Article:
China has set its sights for the homegrown Beidou satellite navigation system – its answer to the U.S.-led GPS – to provide global coverage by 2020, with an estimated RMB 2 trillion (around USD 290 billion) market to be created in areas relevant to the navigation system, including transportation, precision agriculture, marine monitoring, and smart city, etc, Shenzhen Economic Daily reported.
Beidou is one of the world’s four global navigation satellite systems—alongside the US Global Positioning System (GPS), Europe’s Galileo, and Russia’s Glonass—and part of China’s broader ambition under Made in China 2025 to become a leader in space and related technologies.
China’s homegrown smartphone manufacturers—namely, best-sellers like Huawei, Xiaomi, HTC, Meizu, and OnePlus—are compatible with Beidou in addition to GPS and Glonass. And in April 2018, around 4.8 million commercial vehicles in China had been equipped with Beidou, comprising the world’s largest collection of internet-connected vehicles, according to People’s Daily.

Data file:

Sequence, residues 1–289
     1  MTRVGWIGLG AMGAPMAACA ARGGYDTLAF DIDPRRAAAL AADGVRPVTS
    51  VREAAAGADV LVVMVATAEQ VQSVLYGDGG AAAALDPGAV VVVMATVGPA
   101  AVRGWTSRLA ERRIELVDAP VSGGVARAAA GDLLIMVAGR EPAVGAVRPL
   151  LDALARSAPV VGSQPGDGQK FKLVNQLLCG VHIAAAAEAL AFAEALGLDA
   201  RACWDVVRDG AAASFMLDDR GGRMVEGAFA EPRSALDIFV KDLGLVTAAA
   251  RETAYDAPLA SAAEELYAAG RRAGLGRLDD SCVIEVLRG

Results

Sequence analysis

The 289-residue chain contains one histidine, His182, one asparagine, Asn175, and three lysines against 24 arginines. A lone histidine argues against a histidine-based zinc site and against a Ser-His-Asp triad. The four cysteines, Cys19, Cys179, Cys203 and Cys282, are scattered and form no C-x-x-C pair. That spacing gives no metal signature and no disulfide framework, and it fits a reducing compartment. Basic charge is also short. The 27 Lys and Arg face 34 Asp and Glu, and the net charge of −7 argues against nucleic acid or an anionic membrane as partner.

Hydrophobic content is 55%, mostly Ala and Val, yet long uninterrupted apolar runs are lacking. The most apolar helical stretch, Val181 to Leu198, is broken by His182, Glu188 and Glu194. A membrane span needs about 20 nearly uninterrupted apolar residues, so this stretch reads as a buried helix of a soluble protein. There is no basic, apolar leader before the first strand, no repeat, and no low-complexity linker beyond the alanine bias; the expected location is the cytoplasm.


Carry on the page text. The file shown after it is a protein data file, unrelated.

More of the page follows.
Beidou’s global rollout was announced ahead of schedule in December 2018. At the time, China had launched 19 positioning satellites and shipped over 70 million Beidou systems—including microchips and modules—domestically and to more than 90 countries.
The satellite system now services all countries along the Belt and Road, an infrastructure development initiative led by the Chiese government, spanning Asia, Europe, the Middle East, Latin America, and Africa.
The system currently has an accuracy of 5 meters in Asia-Pacific and 10 meters in other parts of the world, whereas America’s GPS system is accurate to the centimeter.